Bad outdoor sensor data!

I have noticed some concerning inaccuracies in the outdoor Purple Air sensors the last couple of months. I live in Salt Lake City, which traditionally has poor air quality in the winter with the “inversion,” the summer with high ozone levels, and sporadically in the spring and fall with dusty wind storms. On the last couple of poor air quality days, the Purple Air sensors still show the PM2.5 as low, whereas the official and calibrated EPA sensors show elevated PM2.5. Visually, there is definitely an elevated level of particulate matter in the air, so I am inclined to believe the expensive and calibrated EPA sensors versus Purple Air. The PA sensors used to overestimate PM2.5. So when the EPA sensors were showing, for example, a raw value of 12, the Purple Air sensors might show 15. This is a well documented phenomenon and Purple Air has published many conversion factors to try and correct this problem. Was there a firmware update that went out to all the sensors, and now Purple Air is vastly underreporting the actual PM2.5 in the air? This is a huge problem because many schools, community centers, churches, and other rely on various sources when determining level of outdoor activity. Many of those sources pull data from Purple Air. You have to know which sensors are the EPA sensors near you (Rose Park and Hawthorne for me) for comparison. Look at the data from today’s dust storm and see just how underreported the outdoor Purple Air sensors have become. I fully understand there are differences in when readings are taken, and raw value vs AQI, but the difference today (and other days in prior months) is worrying.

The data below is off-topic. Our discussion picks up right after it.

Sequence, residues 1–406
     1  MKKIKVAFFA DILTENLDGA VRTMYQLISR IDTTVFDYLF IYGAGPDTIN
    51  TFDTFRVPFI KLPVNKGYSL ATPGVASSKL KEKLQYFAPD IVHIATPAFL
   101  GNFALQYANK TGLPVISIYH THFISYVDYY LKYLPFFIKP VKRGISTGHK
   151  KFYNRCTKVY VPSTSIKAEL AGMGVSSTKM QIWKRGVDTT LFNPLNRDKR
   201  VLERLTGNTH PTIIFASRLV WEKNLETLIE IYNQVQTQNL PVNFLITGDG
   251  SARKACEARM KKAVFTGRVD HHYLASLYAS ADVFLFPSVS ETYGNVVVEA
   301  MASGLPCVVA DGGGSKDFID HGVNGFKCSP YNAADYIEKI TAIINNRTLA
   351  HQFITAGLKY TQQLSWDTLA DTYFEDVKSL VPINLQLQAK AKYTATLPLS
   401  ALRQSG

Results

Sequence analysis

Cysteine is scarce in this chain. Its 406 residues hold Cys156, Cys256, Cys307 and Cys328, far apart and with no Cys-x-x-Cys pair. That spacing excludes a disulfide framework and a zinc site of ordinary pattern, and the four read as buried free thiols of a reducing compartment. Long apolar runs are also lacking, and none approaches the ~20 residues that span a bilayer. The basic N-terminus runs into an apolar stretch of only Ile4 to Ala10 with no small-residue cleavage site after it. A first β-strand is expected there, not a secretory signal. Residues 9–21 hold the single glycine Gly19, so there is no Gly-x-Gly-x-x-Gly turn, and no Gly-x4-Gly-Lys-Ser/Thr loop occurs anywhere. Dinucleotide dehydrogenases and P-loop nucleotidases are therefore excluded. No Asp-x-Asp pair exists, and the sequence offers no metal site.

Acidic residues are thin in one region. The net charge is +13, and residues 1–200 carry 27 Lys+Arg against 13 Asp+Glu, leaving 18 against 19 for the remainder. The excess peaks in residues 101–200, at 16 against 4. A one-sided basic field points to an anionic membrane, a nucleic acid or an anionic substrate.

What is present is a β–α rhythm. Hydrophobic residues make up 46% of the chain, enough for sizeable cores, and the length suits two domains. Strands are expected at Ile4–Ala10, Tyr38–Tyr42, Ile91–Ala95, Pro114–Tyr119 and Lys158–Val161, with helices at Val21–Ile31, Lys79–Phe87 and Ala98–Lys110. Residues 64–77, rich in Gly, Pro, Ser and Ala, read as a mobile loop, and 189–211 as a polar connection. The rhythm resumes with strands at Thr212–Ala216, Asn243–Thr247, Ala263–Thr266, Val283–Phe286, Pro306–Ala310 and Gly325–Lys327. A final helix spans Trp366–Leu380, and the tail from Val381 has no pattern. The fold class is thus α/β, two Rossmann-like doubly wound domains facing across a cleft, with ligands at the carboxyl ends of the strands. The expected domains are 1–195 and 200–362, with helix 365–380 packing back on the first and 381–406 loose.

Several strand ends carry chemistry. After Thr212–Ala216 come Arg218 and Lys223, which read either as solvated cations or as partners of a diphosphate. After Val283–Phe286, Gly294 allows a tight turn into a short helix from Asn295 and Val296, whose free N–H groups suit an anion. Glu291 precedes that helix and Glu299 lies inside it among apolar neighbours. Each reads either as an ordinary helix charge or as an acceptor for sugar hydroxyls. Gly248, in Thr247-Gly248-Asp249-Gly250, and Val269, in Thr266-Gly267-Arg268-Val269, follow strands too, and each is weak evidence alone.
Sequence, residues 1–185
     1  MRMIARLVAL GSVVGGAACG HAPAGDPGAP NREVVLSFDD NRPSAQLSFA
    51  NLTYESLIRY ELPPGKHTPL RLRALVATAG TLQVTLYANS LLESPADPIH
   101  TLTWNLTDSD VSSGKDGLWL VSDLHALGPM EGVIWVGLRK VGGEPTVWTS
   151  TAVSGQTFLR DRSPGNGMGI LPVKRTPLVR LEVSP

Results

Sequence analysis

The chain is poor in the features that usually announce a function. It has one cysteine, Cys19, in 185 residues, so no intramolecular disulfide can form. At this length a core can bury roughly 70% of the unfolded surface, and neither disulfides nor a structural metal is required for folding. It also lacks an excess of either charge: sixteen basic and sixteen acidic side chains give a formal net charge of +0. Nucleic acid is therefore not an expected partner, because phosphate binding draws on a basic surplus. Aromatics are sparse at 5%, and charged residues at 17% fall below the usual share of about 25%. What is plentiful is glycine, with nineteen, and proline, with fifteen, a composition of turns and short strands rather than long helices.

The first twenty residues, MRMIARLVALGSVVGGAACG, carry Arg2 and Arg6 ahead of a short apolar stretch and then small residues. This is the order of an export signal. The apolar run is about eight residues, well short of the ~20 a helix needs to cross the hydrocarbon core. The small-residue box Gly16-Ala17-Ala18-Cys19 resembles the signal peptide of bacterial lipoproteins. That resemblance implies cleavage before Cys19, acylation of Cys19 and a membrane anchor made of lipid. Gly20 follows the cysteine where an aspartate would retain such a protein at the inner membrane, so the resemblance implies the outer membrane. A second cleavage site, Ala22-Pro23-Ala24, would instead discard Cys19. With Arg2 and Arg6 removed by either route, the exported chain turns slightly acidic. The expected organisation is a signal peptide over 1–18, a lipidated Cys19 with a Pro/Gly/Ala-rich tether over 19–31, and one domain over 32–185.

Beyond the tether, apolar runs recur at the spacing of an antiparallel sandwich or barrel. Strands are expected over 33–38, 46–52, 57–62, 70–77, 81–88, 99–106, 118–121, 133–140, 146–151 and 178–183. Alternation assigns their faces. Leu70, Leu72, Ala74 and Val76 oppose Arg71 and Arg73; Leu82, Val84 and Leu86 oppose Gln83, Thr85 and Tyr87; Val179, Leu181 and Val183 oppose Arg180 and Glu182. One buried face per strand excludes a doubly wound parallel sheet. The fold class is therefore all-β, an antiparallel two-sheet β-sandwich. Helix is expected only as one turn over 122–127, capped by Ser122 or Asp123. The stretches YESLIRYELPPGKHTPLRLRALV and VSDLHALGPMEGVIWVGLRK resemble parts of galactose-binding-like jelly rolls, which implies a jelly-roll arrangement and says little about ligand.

This is a screen shot from AirNow showing a PM2.5 raw value of 37 (based on the EPA sensor at Hawthorne)

At the same time, this is a screen shot of the Purple Air map, showing raw values between 4 and 8 in the exact same geographic area.

This final screen shot is from AirNow, showing the Hawthorne EPA sensor in the middle, with green dots as the inaccurate Purple Air data.

Can someone from Purple Air please explain what is going on? Something is wrong and this community deserves to know before we make outdoor decisions based on this inaccurate data.

I am not sure if this is applicable, but if an old sensor was switched out with another one, see this post below (posted by Adrian on March 9th), it may address some of your questions.

Thank you for this important question.

We believe the answer is to do with the PM10 and it being a dust storm. The Plantower PMS5003 is not as good with larger particles like PM10 and to some extent smaller particles towards PM2.5 sizes. Since this event was dominated by PM10, the official sensors were picking up larger 2.5um to 10um particles and our sensors were missing some of those. If it was smoke for instance that has particles ranging from sub-micron up to 2.5, the Plantower fares better.

We do have a new version of the Plantower being used in the PA-II-FLEX and there is a possibility it will do better but that is to be shown as time goes on.

In summary, these sensors are not as good with a particle size distribution that is larger but are better with smaller particles.

I hope this helps and please let me know your thoughts?